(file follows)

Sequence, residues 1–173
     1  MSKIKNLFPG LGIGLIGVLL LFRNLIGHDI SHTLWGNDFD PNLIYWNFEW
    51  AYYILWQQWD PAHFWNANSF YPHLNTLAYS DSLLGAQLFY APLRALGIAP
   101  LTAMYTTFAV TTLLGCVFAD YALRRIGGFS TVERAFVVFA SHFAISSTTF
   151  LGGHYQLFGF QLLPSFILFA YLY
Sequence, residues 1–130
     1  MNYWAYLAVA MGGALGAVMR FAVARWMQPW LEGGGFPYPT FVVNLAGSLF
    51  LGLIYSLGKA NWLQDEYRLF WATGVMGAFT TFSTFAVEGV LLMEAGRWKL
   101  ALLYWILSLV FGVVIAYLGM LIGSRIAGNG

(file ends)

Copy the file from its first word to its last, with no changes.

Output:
Sequence, residues 1–173
     1  MSKIKNLFPG LGIGLIGVLL LFRNLIGHDI SHTLWGNDFD PNLIYWNFEW
    51  AYYILWQQWD PAHFWNANSF YPHLNTLAYS DSLLGAQLFY APLRALGIAP
   101  LTAMYTTFAV TTLLGCVFAD YALRRIGGFS TVERAFVVFA SHFAISSTTF
   151  LGGHYQLFGF QLLPSFILFA YLY
Sequence, residues 1–130
     1  MNYWAYLAVA MGGALGAVMR FAVARWMQPW LEGGGFPYPT FVVNLAGSLF
    51  LGLIYSLGKA NWLQDEYRLF WATGVMGAFT TFSTFAVEGV LLMEAGRWKL
   101  ALLYWILSLV FGVVIAYLGM LIGSRIAGNG